Glendale Unified students are continuing to see gains in state-standardized test results, and they remain above the state average — up to 12% — in English-language arts and mathematics, according to data released Wednesday by state officials.
The results show that 61% of students in third through eighth grades as well as high school juniors met or exceeded the English standard and 50% met or exceeded the math standard.
Clark Magnet High School, known for its focus on math and science since it was established as a magnet school in the late 1990s, saw an 8% hike in math results compared to last year, with 72% of juniors meeting or exceeding the subject’s standard.
In English, 91% met or exceeded the standard, basically the same as last year.
The largest achievement gap among the four high schools was at Hoover High School.
Results show 52% of juniors met or exceeded the English standard, which is a 16% drop compared to last year’s results. In math, 29% met or exceeded the standard, an 11% decline from the previous year.
At Crescenta Valley High, scores remained basically flat in English, with 84% of juniors meeting or exceeding the standard, and math, with 61% meeting or exceeding the standard.
At Glendale High, 60% of juniors met or exceeded the English standard, marking a 7% rise from results last year. In math, 34% met or exceeded the standard, which remained steady compared to 2016.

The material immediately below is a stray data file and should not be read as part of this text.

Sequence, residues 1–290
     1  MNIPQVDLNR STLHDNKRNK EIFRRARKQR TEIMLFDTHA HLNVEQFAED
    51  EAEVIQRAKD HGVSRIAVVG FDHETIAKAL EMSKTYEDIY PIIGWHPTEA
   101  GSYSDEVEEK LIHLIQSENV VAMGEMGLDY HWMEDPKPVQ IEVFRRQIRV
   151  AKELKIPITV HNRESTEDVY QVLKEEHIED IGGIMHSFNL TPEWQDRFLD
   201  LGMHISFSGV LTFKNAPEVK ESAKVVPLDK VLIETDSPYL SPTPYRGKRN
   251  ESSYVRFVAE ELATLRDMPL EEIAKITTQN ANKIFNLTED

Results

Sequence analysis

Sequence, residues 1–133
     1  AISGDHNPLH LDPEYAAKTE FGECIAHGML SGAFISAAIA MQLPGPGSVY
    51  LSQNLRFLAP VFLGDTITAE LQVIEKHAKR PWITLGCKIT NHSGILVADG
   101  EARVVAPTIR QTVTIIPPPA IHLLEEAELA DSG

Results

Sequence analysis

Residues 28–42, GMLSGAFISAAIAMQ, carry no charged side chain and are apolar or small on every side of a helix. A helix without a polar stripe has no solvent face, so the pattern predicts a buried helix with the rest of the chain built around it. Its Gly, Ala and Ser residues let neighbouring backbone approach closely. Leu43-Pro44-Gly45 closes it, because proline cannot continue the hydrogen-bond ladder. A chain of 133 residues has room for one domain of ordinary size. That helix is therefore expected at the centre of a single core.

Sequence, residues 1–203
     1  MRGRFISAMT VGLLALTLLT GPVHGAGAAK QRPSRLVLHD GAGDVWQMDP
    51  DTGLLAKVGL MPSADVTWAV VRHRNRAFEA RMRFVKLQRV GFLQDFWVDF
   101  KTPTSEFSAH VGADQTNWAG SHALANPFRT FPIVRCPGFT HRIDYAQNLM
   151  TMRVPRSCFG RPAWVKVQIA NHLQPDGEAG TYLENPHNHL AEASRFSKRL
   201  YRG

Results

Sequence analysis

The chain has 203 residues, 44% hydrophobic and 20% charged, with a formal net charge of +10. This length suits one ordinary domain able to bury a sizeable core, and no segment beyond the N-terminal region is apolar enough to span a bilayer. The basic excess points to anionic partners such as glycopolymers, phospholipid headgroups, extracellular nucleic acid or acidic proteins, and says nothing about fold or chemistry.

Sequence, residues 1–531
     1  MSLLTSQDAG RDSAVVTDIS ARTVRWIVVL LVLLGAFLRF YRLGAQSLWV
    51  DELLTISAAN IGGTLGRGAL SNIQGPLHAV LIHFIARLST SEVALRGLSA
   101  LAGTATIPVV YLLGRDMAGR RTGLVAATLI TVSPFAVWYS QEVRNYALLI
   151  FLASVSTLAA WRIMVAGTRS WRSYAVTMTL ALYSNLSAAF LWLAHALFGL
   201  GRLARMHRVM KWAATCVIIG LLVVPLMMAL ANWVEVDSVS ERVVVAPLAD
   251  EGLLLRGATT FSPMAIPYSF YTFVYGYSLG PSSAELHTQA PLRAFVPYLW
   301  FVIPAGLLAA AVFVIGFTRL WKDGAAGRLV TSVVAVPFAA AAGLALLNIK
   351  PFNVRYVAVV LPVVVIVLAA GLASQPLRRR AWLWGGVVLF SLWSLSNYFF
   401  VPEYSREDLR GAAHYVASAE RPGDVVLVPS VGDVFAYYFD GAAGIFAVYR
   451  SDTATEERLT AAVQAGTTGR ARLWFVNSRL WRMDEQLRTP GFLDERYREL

“We are pleased to report that GUSD students continue to outperform state and L.A. County averages,” said Glendale Unified Supt. Winfred Roberson Jr. in a statement. “In alignment with GUSD’s LCAP pillar of maximizing student achievement, our teachers and administrators are focused on using data-driven planning and interventions to close achievement gaps and target students who need additional support in the 2017-18 school year.”
The online exam bases follow-up questions on a student’s answers. If a student answers a question correctly, they are given a more difficult question. If they answer incorrectly, they receive an easier question.
Scores fall into four achievement levels: standard exceeded, standard met, standard nearly met and standard not met.
“I’m pleased we retained our gains, but we have more work to do, State Supt. of Public Education Tom Torlakson said in a statement. We need to work diligently to narrow achievement gaps and make sure all students continue to make progress. It’s important to remember that these tests are far more rigorous and realistic than the previous paper-and-pencil tests.”